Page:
[00:04:09] You want to be mindful though, I don't have a variable b, so if I try to do that I'm going to get an error that says name b is not defined, kind of looks like we would expect it to, right? You can also pass in F strings into print and use them like you would regular strings.

[00:04:31] They are really great because there are a few old ways of formatting strings in python that you might run into that are not as nice, they are error prone. How you saw a lot of those errors like can't concatenate number and string, F strings take care of that for you under the hood.

[00:04:50] So if you're just learning Python and you don't have any attachment to the old way of formatting, reach straight for this and you will be much, much happier. Somebody asked, is there an auto decrement like plus plus and minus minus. No, I don't believe that there is, there is a plus equals and a minus equals.

[00:05:14] If you want to work with some of the methods I showed you on strings earlier, there are some examples of that on the course website that I won't dive into. If you want to, I'll just show you an example of one though, if you want to replace characters like if I have a name = Nina, if I wanted to call a method on this, I would just use the variable name and dot.

[00:05:41] And in this case I can call replace and I would replace, and let's see, and that returns Zina. You can see here though that the original string was not modified, it's because strings in Python can't be changed. So if you want to do something with this string, you're going to have to assign it to a new variable.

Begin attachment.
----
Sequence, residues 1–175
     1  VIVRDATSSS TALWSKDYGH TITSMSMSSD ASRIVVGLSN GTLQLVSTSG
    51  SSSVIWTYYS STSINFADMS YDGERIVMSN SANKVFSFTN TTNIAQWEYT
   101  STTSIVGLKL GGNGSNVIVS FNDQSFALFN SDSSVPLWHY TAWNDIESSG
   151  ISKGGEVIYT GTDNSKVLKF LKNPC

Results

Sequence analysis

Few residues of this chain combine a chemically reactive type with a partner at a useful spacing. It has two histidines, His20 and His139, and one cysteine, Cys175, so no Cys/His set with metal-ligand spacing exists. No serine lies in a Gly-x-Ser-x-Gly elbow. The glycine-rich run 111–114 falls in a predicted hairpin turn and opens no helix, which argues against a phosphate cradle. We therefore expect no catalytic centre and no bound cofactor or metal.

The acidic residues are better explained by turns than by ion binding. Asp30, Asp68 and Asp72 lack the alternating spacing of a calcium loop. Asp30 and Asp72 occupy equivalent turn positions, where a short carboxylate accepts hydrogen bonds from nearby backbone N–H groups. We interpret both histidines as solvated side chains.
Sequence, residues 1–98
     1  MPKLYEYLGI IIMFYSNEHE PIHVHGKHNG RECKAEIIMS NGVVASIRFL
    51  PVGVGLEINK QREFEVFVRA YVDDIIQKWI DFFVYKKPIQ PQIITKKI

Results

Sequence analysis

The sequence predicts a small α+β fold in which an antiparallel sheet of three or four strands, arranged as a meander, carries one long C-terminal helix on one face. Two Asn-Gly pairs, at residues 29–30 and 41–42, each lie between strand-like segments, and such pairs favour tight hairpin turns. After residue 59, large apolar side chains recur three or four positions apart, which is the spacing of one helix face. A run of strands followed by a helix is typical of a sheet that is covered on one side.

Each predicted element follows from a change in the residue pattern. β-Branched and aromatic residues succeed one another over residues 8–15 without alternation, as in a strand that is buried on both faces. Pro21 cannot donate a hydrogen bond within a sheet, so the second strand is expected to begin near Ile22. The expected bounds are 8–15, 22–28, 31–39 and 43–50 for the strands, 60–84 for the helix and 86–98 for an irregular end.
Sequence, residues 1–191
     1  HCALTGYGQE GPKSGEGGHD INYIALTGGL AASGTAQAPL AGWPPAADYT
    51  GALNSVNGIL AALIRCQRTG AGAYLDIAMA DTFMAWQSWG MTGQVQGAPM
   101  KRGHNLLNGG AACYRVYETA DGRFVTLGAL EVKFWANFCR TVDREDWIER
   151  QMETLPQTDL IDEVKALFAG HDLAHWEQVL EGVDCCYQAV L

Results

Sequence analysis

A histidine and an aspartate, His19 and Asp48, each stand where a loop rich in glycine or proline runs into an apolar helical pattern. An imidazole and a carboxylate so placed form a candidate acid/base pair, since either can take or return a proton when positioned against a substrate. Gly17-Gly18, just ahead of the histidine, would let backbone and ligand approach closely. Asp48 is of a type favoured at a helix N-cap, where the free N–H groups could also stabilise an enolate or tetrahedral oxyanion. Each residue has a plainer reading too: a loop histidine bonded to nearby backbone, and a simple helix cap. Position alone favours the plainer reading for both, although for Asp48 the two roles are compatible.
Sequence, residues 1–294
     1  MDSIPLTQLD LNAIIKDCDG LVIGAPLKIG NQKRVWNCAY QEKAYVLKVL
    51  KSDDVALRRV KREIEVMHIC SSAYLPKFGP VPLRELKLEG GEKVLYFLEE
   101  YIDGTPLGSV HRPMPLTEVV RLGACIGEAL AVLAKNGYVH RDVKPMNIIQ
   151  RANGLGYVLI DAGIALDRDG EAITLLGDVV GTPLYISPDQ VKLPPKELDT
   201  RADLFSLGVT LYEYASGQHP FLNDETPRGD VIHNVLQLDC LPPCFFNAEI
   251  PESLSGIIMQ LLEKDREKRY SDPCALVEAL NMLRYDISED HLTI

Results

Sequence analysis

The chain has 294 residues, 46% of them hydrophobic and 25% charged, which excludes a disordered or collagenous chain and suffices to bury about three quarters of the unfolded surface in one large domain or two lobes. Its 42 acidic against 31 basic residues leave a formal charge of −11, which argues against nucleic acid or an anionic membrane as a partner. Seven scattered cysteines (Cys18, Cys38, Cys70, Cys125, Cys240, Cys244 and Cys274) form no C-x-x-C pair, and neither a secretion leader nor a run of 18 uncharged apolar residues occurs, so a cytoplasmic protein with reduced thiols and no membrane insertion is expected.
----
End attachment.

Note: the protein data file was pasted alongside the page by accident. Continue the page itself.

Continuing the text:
[00:06:11] So I could say, z_name=name.replace, oops, and see, and z, if I take a look in that variable, I've now saved the value of running this function. Are there any other quick questions before I move on to lists?
>> I read somewhere that strings are immutable in Python
>> Right

>> When would you replace the N with the C?
>> So if you saw this code right here, running name.replaced returned in new string. And if I took a look at my name variable here, you will see that the value was not changed, I had to save the result of name.replace to a different variable before I was able to save it.

[00:07:10] So, the value in named did not change and we can verify that one more time. So the question was, when you're using F strings, if you want to use curly braces in your output, how would you do that? I believe that you can escape them just like you would with other special characters by putting a backslash in front of them.

[00:07:40] F string, this might need a double backslash, and if this doesn't work, I would have to look it up. Yeah, I'm not sure I would have to look that up, I don't think I've never done this before, so it's a great question.
>> What if we want to declare a variable with a data type, but we don't mention its value?

[00:08:07] Like for example, a of type string but we don't give it any value.
>> So, to have a variable that doesn't have a value you can just use the non keyword
>> As the datatype string.
>> It doesn't have a data type, so if we look at the type of a we'll see that the type is actually none type.

[00:08:31] So this symbolizes no or nothing, with Python you don't have to declare types of variables before you declare them.